2     voice                active
    Primary Secondary Type               Ports
    ------- --------- ------------------ ----------------------------------------
    T2600G-28MPS#sho voice vlan
     oui                  - Display voice VLAN OUI configuration
     switchport           - Display voice VLAN configuration of switchport
    T2600G-28MPS#sho voice vlan
     Voice VLAN status: Enabled
     VLAN ID: 2
     Aging Time: 1440
     Voice Priority: 6
    T2600G-28MPS#sho voice vlan switchport
    T2600G-28MPS#sho voice vlan switchport
     Port       Auto-mode    Security     State        LAG
     ------     ------------ ------------ ------------ ------
     Gi1/0/1    Auto         Disabled     Inactive     N/A
     Gi1/0/2    Auto         Disabled     Inactive     N/A
     Gi1/0/3    Auto         Disabled     Inactive     N/A
     Gi1/0/4    Auto         Disabled     Inactive     N/A
     Gi1/0/5    Auto         Disabled     Inactive     N/A
     Gi1/0/6    Auto         Disabled     Inactive     N/A
     Gi1/0/7    Auto         Disabled     Inactive     N/A
     Gi1/0/8    Auto         Disabled     Inactive     N/A
     Gi1/0/9    Auto         Disabled     Inactive     N/A
     Gi1/0/10   Auto         Disabled     Inactive     N/A
     Gi1/0/11   Auto         Disabled     Inactive     N/A
     Gi1/0/12   Auto         Disabled     Inactive     N/A
     Gi1/0/13   Auto         Disabled     Inactive     N/A
     Gi1/0/14   Auto         Disabled     Inactive     N/A
     Gi1/0/15   Auto         Disabled     Inactive     N/A
     Gi1/0/16   Auto         Disabled     Inactive     N/A
     Gi1/0/17   Auto         Disabled     Inactive     N/A
     Gi1/0/18   Auto         Disabled     Inactive     N/A
     Gi1/0/19   Auto         Disabled     Inactive     N/A
     Gi1/0/20   Auto         Disabled     Inactive     N/A
     Gi1/0/21   Auto         Disabled     Inactive     N/A
     Gi1/0/22   Auto         Disabled     Inactive     N/A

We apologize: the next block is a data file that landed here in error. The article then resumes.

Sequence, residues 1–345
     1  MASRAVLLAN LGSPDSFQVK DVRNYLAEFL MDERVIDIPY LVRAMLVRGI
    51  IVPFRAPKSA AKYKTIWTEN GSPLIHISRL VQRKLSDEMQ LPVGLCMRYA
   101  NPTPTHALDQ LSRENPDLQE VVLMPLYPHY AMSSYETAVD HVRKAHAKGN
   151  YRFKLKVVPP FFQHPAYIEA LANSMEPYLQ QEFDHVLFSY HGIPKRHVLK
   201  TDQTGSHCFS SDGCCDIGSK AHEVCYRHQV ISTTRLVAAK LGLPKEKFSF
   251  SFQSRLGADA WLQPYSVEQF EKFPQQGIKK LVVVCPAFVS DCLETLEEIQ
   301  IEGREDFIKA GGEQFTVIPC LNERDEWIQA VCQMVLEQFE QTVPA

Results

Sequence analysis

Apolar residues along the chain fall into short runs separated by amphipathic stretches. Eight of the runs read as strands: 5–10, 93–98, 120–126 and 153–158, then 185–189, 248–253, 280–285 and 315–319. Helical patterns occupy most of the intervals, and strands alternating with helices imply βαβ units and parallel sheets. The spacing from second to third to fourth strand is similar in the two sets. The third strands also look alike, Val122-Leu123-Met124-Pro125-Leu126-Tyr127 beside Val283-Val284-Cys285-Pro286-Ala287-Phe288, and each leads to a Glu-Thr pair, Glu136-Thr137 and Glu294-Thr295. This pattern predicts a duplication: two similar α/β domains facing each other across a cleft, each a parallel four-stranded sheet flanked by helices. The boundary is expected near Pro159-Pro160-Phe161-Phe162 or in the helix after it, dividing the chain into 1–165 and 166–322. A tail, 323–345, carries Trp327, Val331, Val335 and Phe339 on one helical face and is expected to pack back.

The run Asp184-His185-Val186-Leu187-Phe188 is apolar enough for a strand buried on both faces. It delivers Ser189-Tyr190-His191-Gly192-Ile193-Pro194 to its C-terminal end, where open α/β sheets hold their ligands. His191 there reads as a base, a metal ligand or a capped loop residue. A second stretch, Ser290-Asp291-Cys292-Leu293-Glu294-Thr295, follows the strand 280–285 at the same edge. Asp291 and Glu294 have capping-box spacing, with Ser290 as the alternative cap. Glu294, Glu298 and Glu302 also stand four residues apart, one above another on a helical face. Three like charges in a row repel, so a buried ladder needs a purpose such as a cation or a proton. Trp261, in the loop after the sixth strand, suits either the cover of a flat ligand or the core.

Gi1/0/23   Auto         Disabled     Inactive     N/A
     Gi1/0/24   Auto         Disabled     Inactive     N/A
     Gi1/0/25   Auto         Disabled     Inactive     N/A
     Gi1/0/26   Auto         Disabled     Inactive     N/A
     Gi1/0/27   Auto         Disabled     Inactive     N/A
     Gi1/0/28   Auto         Disabled     Inactive     N/A
    T2600G-28MPS#sho voice vlan oui
     Index   OUI-MAC             OUI-Mask            Description
     ------- ------------------- ------------------- --------------------
     1       00:01:e3:00:00:00   ff:ff:ff:00:00:00   Siemens Phone
     2       00:03:6b:00:00:00   ff:ff:ff:00:00:00   Cisco Phone
     3       00:04:0d:00:00:00   ff:ff:ff:00:00:00   Avaya Phone
     4       00:60:b9:00:00:00   ff:ff:ff:00:00:00   Philips Phone
     5       00:d0:1e:00:00:00   ff:ff:ff:00:00:00   Pingtel Phone
     6       00:e0:75:00:00:00   ff:ff:ff:00:00:00   PolyCom Phone
     7       00:e0:bb:00:00:00   ff:ff:ff:00:00:00   3Com Phone
    T2600G-28MPS(config)#voice vlan
     <2-4094>             - Specify 802.1Q VLAN ID
     aging                - Configure voice VLAN aging time
     mac-address          - Configure OUI address
     priority             - Configure voice VLAN flow priority
    T2600G-28MPS(config)#voice vlan

    This, perhaps, will end with a discussion of the details of the functioning of the voice virtual network in TP-Link switches using the example of the T2600G-28MPS model.

    To summarize

    Using the L2 + example of the TP-Link T2600G-28MPS switch, we examined useful options that make life easier for the network administrator by simplifying the implementation of some routine procedures. For example, centralized power management provides rich opportunities to control energy efficiency, allowing you to carry out a number of optimization measures. And this is not to mention the increase in the quality of the energy supply of the terminal equipment itself.

    Have you created a new department? Have you expanded the staff? Hired many new employees at once? And everyone needs phones, and the ports on the switches are sorely lacking? Using the DHCP and LLDP protocols, as well as the Voice VLAN option, the network administrator will not feel much difference between connecting one new employee or as many as hundreds without wasting the switch ports for nothing.

    Let's allow ourselves one more reminder - save the config after each significant change. The process, of course, is not automatic, but it will save a lot of effort and time after the next “oops”.